1988 French motorcycle Grand Prix

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France  1988 French Grand Prix
Race details
Race 11 of 15 races in the
1988 Grand Prix motorcycle racing season
Circuit Paul Ricard.png
Date 24 July 1988
Location Circuit Paul Ricard
Course Permanent racing facility
5.81 km (3.61 mi)
500 cc
Pole position
Rider France Christian Sarron Yamaha
Fastest lap
Rider Australia Wayne Gardner Honda
Podium
First United States Eddie Lawson Yamaha
Second France Christian Sarron Yamaha
Third United States Kevin Schwantz Suzuki
250 cc
Pole position
Rider France Dominique Sarron Honda
Fastest lap
Rider Spain Juan Garriga Yamaha
Podium
First Switzerland Jacques Cornu Honda
Second Spain Sito Pons Honda
Third France Dominique Sarron Honda
125 cc
Pole position
Rider Italy Ezio Gianola Honda
Fastest lap
Rider Spain Jorge Martínez Derbi
Podium
First Spain Jorge Martínez Derbi
Second Italy Ezio Gianola Honda
Third Italy Corrado Catalano Aprilia
Sidecars
Pole position
Rider Switzerland Rolf Biland LCR-Krauser
Passenger Switzerland Kurt Waltisperg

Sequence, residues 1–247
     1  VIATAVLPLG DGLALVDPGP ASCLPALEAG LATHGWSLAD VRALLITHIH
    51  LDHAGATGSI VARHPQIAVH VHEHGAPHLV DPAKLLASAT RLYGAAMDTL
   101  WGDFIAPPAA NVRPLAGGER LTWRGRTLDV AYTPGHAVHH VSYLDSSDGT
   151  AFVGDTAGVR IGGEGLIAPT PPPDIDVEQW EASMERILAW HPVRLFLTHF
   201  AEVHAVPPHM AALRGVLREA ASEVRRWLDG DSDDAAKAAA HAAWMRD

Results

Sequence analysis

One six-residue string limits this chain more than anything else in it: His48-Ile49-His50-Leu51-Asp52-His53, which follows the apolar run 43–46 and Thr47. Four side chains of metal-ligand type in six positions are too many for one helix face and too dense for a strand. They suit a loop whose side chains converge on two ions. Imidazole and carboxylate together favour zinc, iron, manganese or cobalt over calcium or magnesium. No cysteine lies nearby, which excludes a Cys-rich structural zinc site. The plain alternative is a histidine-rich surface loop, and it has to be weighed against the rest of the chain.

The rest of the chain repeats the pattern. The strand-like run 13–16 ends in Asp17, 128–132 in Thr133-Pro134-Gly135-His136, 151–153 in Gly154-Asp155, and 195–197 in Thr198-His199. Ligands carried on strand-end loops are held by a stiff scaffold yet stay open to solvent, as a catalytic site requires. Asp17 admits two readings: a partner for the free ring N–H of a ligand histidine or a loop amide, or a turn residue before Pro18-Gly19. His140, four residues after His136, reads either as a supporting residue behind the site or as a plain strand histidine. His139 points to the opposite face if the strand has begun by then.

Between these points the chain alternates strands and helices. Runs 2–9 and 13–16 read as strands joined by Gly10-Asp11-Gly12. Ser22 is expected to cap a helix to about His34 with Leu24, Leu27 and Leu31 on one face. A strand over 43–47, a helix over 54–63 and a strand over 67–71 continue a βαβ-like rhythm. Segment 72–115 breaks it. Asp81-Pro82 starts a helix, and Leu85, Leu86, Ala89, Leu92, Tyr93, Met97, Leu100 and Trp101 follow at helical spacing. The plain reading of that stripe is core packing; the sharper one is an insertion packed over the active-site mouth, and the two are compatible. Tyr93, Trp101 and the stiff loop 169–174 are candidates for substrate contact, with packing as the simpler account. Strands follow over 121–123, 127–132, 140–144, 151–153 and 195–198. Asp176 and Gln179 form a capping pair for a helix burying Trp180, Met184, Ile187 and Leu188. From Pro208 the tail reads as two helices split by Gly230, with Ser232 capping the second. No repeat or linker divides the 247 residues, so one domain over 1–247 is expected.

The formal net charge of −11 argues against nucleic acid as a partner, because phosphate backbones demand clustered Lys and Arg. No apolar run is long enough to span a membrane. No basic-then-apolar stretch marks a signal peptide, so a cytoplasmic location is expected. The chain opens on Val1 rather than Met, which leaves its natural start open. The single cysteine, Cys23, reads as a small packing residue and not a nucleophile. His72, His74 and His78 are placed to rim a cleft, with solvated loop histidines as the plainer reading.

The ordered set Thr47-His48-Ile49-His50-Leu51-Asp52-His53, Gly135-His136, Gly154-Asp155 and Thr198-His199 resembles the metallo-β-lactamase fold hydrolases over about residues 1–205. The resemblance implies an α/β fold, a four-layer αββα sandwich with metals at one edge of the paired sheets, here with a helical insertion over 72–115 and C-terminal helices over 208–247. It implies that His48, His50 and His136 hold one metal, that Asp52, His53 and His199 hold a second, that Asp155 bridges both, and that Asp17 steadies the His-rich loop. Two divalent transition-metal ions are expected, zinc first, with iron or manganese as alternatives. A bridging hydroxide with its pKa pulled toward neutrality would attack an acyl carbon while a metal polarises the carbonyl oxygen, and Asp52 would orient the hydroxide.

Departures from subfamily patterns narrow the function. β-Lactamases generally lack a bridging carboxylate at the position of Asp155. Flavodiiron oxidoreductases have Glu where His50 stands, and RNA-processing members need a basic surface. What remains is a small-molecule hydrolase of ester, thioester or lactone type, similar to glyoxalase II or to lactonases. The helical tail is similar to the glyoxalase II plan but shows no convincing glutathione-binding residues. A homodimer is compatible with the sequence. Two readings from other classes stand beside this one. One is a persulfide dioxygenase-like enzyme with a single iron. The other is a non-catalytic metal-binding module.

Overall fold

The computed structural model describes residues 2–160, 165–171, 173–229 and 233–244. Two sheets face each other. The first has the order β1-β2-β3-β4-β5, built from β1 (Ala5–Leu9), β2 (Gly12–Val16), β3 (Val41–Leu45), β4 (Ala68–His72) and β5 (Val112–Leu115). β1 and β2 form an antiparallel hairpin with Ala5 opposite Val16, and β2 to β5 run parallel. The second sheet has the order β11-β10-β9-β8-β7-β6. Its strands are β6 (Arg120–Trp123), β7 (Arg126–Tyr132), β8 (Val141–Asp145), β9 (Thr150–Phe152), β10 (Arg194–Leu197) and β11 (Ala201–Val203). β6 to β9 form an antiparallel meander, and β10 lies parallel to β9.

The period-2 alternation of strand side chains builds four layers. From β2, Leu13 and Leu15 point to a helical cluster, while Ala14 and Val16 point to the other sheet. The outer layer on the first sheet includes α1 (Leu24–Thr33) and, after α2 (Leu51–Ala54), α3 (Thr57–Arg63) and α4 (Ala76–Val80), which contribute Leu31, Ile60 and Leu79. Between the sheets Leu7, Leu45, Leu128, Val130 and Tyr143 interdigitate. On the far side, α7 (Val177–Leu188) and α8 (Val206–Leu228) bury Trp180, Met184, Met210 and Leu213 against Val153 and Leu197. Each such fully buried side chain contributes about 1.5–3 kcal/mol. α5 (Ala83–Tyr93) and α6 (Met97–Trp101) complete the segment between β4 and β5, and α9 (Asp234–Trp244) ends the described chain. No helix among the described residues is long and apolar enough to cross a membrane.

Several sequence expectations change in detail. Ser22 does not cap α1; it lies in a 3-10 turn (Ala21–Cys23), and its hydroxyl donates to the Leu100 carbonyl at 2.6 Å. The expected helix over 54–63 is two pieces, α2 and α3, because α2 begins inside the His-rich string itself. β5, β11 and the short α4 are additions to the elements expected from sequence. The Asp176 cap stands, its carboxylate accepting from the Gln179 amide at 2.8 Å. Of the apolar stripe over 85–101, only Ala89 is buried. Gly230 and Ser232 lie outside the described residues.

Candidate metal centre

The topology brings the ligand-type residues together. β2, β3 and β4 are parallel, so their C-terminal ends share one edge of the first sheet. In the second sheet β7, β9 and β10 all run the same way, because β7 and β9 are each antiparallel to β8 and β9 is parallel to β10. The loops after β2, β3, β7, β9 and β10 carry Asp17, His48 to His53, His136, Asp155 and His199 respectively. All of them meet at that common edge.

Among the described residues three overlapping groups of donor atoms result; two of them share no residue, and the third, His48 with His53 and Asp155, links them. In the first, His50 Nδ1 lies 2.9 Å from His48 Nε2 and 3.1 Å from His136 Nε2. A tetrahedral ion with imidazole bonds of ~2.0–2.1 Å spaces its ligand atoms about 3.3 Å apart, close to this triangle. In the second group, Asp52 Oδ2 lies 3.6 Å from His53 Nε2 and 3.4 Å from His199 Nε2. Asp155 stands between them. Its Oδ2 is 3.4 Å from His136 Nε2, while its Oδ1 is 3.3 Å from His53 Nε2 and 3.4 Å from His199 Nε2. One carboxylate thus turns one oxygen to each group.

Fastest lap
Rider Switzerland Rolf Biland LCR-Krauser
Passenger Switzerland Kurt Waltisperg
Podium
First Switzerland Rolf Biland LCR-Krauser
Switzerland Kurt Waltisperg
Second United Kingdom Steve Webster LCR-Krauser
United Kingdom Tony Hewitt
Third Switzerland Markus Egloff LCR-ADM
Switzerland Urs Egloff

The 1988 French motorcycle Grand Prix was the eleventh round of the 1988 Grand Prix motorcycle racing season. It took place on the weekend of 22-24 July, 1988 at the 5.81 km (3.61 mi) Paul Ricard Circuit.

500 cc race report[edit]

Frenchman Christian Sarron claimed his 5th pole position in a row on his Yamaha YZR500, and his last ever in 500 GP.

Like most of the mid-field, Niall Mackenzie (Honda) jumped the start and raced to the lead, but the race was allowed to continue and no penalties were handed out by race officials. On the 1.8 km long Mistral Straight for the first time Wayne Gardner used the power of his factory Rothmans Honda to shoot to the lead from Kevin Schwantz (Suzuki), Mackenzie and Wayne Rainey (Yamaha).